Last week I attended The Marin Economic’s Forum’s debate about the One Bay Area Plan. I was one of the 18 that raised their hand in support of the programs, and was opposed by over 200 who didn’t.

They had a good time. Laughter rung the chambers…the two gentlemen who spoke to the comfort of our life with the auto and our single family homes were clever, and raised questions about a number of concerns, starting with global warming. In terms of that, they said our greenhouse gas emissions are decreasing because of new fuel standards. And they are decreasing to 1990 standards. Everyone was so relieved to hear that. They also showed the future in transportation. It is the driverless car. You can tell your car to take you to work, and you can be in the back seat, and working on your computer. When it arrives at your work place, you get out and tell it to go find a place to park. When you are ready to go home, it picks you up at the front door. You could even put your dog in the car, and it can go to the vet without you! That got laughter, and some serious applause.

And the Plan’s proposed great small urban mixed use spaces, that can mimic neighborhoods of Paris, and are possible to create when the auto isn’t a player, was reduced to ‘stack and pack’. Transit was ridiculed as a failed and expensive boondoggle. And when it came to the plan they were told to just say No! No! No!

Marin Supervisor Steve Kinsey was great. He represented our side clearly and gracefully. They weren’t buying, and as things devolved, pretty intense jeering filled the chamber. This crowd deeply believes these policies are insane, and filled with bureaucratic bloat and control.

They choose to ignore the 500 scientists from Berkeley and Stanford that have recently warned us of pending catastrophic climate change. Unfortunately, contrary to the ‘feel good speakers’, Marin plays a significant role as our carbon footprint is higher than the national average, and 2/3rds of it emanate from the tail pipe. They choose to ignore Napa Supervisor Mark Luce saying this is state law, and if you don’t adopt a plan the state will do it for you. They choose to ignore the discussion of the ageing community’s lack of transportation as well as housing. Immigration got the biggest rise of all. The example of the crime filled emigrant ghettos of France and Sweden was raised by the two ‘everything is fine’ advocates, and this was not something we wished to have happen here. As a result racism reared it ugly head, and was completely rejected, yet the European models remained in our minds.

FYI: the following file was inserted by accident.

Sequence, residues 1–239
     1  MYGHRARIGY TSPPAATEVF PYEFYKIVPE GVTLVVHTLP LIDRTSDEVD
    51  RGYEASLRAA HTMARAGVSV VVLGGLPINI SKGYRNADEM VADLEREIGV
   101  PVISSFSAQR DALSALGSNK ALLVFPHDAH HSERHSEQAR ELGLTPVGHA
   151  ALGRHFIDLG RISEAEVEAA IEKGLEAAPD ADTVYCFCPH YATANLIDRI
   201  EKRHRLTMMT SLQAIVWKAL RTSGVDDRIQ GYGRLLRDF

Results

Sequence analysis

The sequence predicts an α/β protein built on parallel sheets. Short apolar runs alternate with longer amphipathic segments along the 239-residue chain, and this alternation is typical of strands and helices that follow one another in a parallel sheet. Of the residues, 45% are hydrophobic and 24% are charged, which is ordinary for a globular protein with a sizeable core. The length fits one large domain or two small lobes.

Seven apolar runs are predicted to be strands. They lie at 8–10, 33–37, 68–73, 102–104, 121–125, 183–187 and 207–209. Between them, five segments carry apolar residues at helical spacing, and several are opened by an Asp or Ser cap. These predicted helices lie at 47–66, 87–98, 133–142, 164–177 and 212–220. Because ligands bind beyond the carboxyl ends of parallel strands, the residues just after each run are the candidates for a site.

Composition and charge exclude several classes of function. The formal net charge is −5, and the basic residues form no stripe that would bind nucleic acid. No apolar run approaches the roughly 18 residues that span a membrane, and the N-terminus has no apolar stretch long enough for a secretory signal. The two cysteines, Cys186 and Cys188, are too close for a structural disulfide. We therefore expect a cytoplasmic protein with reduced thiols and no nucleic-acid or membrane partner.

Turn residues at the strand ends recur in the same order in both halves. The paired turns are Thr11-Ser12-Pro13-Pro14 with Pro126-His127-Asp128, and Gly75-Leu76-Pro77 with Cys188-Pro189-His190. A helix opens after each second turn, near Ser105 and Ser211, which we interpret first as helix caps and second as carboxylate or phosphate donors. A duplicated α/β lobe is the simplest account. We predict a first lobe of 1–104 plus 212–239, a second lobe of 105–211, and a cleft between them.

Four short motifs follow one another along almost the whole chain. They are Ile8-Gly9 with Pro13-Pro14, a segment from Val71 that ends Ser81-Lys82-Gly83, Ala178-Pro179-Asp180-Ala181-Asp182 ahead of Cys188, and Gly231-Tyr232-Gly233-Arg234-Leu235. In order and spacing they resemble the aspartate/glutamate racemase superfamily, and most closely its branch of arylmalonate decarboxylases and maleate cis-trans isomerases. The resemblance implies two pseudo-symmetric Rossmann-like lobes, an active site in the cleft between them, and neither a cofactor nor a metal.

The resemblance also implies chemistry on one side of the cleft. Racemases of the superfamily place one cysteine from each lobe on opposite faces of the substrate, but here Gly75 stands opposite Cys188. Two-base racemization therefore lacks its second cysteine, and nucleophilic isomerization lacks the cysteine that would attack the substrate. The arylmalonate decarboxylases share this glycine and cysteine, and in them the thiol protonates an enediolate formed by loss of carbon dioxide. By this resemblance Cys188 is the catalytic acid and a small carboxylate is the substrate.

The meeting didn’t reflect a nationwide survey from the Urban Land Institute which highlights the big demand for transit oriented development. The survey suggests that demand will continue to rise for infill residential development that is less car-dependent, while demand could wane for isolated development in outlying suburbs.

The survey found that among all respondents, 61 percent said they would prefer a smaller home with a shorter commute over a larger home with longer commute. 53% want to live close to shopping; 52% would prefer to live in mixed-income housing and 51% wants access to public transportation.

As the experience, thankfully, was ending, Kinsey again expressed they weren’t giving up local control and no city or the county was compelled to do anything the plan advocated.
Few listened.